HTTP/2: Operable and Performant

HTTP/2: Operable and Performant

HTTP/2 support is emerging in browsers and other software, after two years of work in the IETF and informed by even more experience with SPDY. While the new protocol is a drop-in replacement for HTTP/1, getting the most out of it takes understanding, planning, and effort. This talk will explain how HTTP/2 affects operations, what situations it can help performance in, and what the community has learned about deploying it.


Mark Nottingham

September 17, 2014


  1. HTTP/2:
 Operable and Performant Mark Nottingham @mnot (@akamai)

  2. This talk may be disappointing.

  3. Donald Rumsfeld “As we know, there are known knowns; there

    are things we know we know. We also know there are known unknowns; that is to say we know there are some things we do not know. But there are also unknown unknowns — the ones we don’t know we don’t know.”
  4. HTTP Perf Knowledge 1990 1995 2000 2005 2010 2015 Maybe

    we should reuse that connection… First Velocity HTTP/0.9 HTTP/1.1 HTTP/2
  5. HTTP/2 is almost here! … and it’s a lot like

  6. HTTP/2 in One Slide • Multiplexing + Header Compression +

    Server Push • Goal: one connection from browser • Post-WGLC • Coming in Firefox, Chrome, IE, others very, very soon
  7. None
  8. {HTTP2, SPDY} and Performance

  9. • Prioritisation! • Server Push! • Header Compression! • TLS

    and TCP
  10. 1. Prioritisation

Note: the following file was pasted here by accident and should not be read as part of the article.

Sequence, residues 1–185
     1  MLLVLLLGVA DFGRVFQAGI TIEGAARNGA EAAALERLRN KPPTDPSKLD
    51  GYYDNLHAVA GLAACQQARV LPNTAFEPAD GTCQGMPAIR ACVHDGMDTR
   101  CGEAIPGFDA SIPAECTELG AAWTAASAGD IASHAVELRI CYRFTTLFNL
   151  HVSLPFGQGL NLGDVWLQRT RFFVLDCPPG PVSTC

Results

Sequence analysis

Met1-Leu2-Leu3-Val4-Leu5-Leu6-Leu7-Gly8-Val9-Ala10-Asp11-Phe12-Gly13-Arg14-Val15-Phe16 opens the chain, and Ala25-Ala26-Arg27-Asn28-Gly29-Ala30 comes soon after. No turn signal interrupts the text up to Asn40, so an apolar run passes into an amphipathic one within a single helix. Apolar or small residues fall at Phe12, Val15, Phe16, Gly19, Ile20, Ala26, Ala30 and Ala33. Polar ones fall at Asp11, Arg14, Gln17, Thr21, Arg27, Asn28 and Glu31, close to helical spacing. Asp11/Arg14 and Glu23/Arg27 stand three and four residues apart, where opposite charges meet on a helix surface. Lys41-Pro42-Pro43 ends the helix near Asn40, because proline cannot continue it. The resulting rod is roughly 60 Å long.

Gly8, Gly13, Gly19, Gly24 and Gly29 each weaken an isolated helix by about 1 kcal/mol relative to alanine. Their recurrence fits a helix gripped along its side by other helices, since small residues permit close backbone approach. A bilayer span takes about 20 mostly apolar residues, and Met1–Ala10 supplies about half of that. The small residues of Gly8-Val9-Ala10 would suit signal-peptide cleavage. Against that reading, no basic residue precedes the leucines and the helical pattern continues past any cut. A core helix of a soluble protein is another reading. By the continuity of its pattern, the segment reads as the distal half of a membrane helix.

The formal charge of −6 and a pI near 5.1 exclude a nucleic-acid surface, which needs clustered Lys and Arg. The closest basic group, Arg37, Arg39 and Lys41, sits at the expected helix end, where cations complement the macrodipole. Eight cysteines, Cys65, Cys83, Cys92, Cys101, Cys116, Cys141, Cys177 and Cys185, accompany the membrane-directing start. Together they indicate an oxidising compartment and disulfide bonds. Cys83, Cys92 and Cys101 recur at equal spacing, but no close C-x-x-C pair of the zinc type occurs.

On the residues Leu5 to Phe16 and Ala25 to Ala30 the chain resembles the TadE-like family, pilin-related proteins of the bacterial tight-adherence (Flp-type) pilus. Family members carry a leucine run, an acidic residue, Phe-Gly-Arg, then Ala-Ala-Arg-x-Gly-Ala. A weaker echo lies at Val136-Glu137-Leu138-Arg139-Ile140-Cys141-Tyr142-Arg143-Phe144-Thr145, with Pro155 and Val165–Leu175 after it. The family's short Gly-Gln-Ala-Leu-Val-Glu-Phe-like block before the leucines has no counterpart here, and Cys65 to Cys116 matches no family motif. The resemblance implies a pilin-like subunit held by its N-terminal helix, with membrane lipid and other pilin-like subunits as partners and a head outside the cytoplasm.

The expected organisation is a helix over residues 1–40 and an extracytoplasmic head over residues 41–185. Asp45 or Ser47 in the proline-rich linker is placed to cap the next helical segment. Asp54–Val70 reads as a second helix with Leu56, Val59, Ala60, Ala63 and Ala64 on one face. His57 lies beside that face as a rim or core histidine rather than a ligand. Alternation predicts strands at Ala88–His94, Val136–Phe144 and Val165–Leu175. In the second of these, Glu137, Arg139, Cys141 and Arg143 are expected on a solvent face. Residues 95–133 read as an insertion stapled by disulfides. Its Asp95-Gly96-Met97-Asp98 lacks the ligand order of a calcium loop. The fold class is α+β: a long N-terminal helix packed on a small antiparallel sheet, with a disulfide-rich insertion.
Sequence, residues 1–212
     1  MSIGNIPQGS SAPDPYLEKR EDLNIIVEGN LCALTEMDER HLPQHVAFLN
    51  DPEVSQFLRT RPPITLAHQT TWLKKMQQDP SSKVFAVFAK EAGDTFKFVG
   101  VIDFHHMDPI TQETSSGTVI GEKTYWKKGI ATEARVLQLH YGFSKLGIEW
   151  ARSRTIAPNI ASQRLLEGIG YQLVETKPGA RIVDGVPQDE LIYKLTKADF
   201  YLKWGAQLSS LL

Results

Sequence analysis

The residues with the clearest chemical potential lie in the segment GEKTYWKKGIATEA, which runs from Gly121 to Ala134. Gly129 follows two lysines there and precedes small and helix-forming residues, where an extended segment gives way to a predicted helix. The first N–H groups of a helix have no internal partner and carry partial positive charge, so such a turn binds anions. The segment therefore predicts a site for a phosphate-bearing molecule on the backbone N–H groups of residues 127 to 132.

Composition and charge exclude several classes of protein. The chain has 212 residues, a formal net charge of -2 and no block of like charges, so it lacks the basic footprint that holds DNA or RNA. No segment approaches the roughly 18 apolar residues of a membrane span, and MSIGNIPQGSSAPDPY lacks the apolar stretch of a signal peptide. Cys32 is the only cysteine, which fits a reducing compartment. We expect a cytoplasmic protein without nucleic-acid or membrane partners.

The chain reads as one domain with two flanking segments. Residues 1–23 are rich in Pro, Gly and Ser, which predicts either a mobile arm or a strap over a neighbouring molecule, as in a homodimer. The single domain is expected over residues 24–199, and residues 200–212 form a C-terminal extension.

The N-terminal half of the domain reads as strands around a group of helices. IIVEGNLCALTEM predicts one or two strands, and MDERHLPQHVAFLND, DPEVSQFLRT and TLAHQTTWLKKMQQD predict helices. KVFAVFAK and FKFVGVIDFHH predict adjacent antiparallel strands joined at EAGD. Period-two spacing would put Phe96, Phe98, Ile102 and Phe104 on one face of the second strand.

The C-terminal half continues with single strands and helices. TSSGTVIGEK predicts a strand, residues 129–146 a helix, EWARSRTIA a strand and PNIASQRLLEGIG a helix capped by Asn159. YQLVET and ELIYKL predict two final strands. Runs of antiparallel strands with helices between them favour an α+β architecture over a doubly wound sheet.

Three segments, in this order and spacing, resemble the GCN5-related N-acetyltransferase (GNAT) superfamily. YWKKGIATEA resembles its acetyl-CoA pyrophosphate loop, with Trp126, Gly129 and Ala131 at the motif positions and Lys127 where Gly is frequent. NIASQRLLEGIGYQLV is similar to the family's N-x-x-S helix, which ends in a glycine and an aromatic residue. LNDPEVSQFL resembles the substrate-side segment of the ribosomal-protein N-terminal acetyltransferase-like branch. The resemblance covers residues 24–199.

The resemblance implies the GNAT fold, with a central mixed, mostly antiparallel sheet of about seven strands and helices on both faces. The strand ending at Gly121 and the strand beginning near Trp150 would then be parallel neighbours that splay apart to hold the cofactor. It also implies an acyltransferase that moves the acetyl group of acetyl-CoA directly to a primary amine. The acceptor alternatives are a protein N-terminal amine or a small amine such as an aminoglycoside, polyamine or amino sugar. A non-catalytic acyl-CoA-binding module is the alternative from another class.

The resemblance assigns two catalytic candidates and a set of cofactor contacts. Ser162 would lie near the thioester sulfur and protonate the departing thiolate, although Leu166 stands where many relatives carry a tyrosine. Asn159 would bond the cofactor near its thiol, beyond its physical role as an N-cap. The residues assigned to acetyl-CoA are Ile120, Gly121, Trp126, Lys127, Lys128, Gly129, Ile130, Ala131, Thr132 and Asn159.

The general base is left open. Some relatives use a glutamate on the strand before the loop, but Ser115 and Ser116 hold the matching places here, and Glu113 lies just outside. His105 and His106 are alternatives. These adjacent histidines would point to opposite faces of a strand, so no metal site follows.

11. HTTP/1

  12. None
  13. HTTP/2

  14. None
  15. • In HTTP/1, Prioritisation is a browser heuristic* • “CSS

    and JS first, then images…” • “This connection for that request…” • In HTTP/2, it’s hinted by the client, determined by the server. * a.k.a. “guessing”
  16. HTTP/2 Priority Hinting 12 4 5 5

  17. None
  18. • Servers can do what they like with this information.

    • Only one of several potential sources! • Page analysis, RUM over time, etc. • No prioritisation performs worse than HTTP/1.
  19. Ask Your Implementation • How do you handle priority by

    default? • What APIs do you expose for effecting prioritisation? • How do you handle reprioritisation? • Do you queue in user space and use TCP_NOTSENT_LOWAT*? *
  20. 2. Server Push

  21. None
  22. Benefits of Push • Avoid a RT without sacrificing Resource

    Granularity! • Better cache efficiency • Reduced parse / blocking • Load what you need • Modularity • Client can refuse push with RST_STREAM
  23. When do I Push? • Easy answer: when you previously

    inlined / concatenated • Creative answer: when you want to overload it for async data • Real answer: we need research, metrics and tools! • speculative push is likely a very different beast • how will intermediaries handle server push?
  24. 3. Header Compression

  25. None
  26. GET / HTTP/1.1! Host:! User-Agent: Mozilla/5.0 (Macintosh; Intel Mac

    OS X 10_8_2) AppleWebKit/536.26.14 (KHTML, like Gecko) Version/6.0.1 Safari/536.26.14! Accept: text/html,application/xhtml+xml,application/xml;q=0.9,*/*;q=0.8! DNT: 1! Accept-Language: en-us! Accept-Encoding: gzip, deflate! Cookie: uaid=uaid%3DVdhk5W6sexG-_Y7ZBeQFa3cq7yMQ%26_now%3D1325204464%26_slt%3Ds_LCLVpU%26_kid%3D1%26_ver %3D1%26_mac%3DlVnlM3hMdb3Cs3hqMVuk_dQEixsqQzUlNYCs9H_Kj8c.; user_prefs=1&2596706699&q0tPzMlJLaoEAA==! Connection: keep-alive GET /assets/dist/js/etsy.recent-searches.20121001205006.js HTTP/1.1! Host:! User-Agent: Mozilla/5.0 (Macintosh; Intel Mac OS X 10_8_2) AppleWebKit/536.26.14 (KHTML, like Gecko) Version/6.0.1 Safari/536.26.14! Accept: */*! DNT: 1! Referer:! Accept-Language: en-us! Accept-Encoding: gzip, deflate! Cookie: autosuggest_split=1; etala=111461200.1476767743.1349274889.1349274889.1349274889.1.0; etalb=111461200.1.10.1349274889; last_browse_page=%2F; uaid=uaid%3DVdhk5W6sexG-_Y7ZBeQFa3cq7yMQ%26_now %3D1325204464%26_slt%3Ds_LCLVpU%26_kid%3D1%26_ver%3D1%26_mac %3DlVnlM3hMdb3Cs3hqMVuk_dQEixsqQzUlNYCs9H_Kj8c.; user_prefs=1&2596706699&q0tPzMlJLaoEAA==! Connection: keep-alive